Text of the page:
When he’s pushed to share his feelings about South Carolinians dying from lack of access to care, his e-mails turn profane. They’re akin to his apoplectic response, back at his house, when asked what message, or activist guidance, he had for people more newly diagnosed with HIV. “I’m not producing the movie anymore,” he’d erupted. “You make me sound like a monster—like I’m not giving my love to everybody,” he says. “What am I supposed to do? I think I’m a nice person, a good person. I have a lot of good friends.”
Yet six weeks after the December interview, the picture is somewhat different. The man who e-mailed a testy admission of his relative indifference to Americans with HIV going without healthcare is now helping to steer ACT UP as they lobby for universal healthcare. Regarding Kramer’s involvement at organizational meetings for ACT UP’s 20th anniversary action, leader Mark Milano says, “He’s been quite involved.” Milano adds that Kramer “hasn’t been taking over meetings at all.” As we went to press, Kramer hinted that he might use his ACT UP anniversary address to announce an initiative linking gay advocacy and universal health care, making them front-burner issues for the 2008 elections.
He says he was profoundly moved during his recent lunch at GMHC. “There were so many people having lunch, and I knew so many of them. You see people who are still sick, and you also see that very few of them are white. I think that, for most people, the face of AIDS is invisible today.” Kramer says he’s helping the GMHC board organize the agency’s messy archives at the New York Public Library. He’d also like to see the group become a bit more brazen. “I told [Hill] she was too nice, and we had to get together and let a little of my style partner with her niceness,” he says, laughing.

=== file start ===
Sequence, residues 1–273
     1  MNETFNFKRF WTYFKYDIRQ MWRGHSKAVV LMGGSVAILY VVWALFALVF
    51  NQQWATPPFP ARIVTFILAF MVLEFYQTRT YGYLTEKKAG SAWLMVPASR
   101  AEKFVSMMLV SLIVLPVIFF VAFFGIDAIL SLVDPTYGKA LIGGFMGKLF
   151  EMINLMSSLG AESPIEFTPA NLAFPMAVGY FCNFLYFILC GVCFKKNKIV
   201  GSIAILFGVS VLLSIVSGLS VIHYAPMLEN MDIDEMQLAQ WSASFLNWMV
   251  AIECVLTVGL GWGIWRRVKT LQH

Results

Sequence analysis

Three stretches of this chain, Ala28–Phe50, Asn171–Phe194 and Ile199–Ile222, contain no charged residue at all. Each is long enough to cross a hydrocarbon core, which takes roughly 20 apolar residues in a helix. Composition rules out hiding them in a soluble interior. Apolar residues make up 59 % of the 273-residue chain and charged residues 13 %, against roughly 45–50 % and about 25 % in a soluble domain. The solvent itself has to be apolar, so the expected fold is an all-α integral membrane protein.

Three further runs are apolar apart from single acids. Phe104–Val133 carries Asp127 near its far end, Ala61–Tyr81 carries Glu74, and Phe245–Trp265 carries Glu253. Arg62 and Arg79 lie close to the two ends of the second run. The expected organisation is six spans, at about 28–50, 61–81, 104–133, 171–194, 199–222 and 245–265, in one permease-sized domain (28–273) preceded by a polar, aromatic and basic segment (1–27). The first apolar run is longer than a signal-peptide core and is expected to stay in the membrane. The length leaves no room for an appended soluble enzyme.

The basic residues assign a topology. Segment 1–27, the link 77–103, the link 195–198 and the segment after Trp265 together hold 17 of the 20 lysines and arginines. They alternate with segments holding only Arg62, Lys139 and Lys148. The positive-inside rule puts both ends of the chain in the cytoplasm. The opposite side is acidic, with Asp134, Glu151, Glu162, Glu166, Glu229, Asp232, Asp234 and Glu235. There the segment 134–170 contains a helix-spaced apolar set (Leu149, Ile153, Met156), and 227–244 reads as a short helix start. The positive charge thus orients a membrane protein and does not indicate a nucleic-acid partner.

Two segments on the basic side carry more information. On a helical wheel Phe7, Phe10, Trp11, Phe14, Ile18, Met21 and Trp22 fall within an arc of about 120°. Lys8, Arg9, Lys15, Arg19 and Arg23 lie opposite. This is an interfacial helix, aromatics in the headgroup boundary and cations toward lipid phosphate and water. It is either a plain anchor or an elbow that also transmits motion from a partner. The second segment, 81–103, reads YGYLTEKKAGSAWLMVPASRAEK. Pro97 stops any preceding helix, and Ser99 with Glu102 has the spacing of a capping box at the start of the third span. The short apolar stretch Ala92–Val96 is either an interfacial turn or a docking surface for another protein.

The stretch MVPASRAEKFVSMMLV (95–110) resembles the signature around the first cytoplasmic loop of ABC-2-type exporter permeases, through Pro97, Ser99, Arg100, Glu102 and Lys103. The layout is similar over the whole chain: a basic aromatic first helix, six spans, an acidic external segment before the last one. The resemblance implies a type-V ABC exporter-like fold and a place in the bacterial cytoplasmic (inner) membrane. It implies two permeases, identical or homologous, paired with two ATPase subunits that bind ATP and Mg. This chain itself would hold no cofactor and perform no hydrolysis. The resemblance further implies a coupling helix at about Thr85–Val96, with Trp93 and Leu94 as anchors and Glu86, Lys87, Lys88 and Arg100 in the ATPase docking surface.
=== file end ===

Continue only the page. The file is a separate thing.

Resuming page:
Back in Connecticut, the strict two hours that Kramer had allotted for the interview have passed. He has boiled over in rage a handful of times. (Later, by phone, referring to some of the interview’s heated exchanges, Kramer would say, “You know why I got so angry? Maybe you touched on something when you asked if I feel guilty that I’m not involved anymore. I suspect I do. Although I didn’t want to be told that.”) But now he steps outside and offers a warm hug goodbye. In the final minutes on his porch, he says, “I think I’ve fought the good fight in terms of activism. I feel I’ve lived life well in the ways that are meaningful to me, and the book is my final accomplishment. I’ll put a record down on paper of what I believe about a great many things—about America, homosexuality, evil, disease, AIDS. It’s an enormous challenge—way, way, too ambitious.”
Could he be afraid of finishing it—afraid of the void that would leave? Some of his friends have hinted at that, he says. “It’s finished when it’s finished,” he laughs. “I’m not afraid of death. More afraid of dying before I’m ready.” Then, with Tiger at his heels, he turns—and disappears back inside.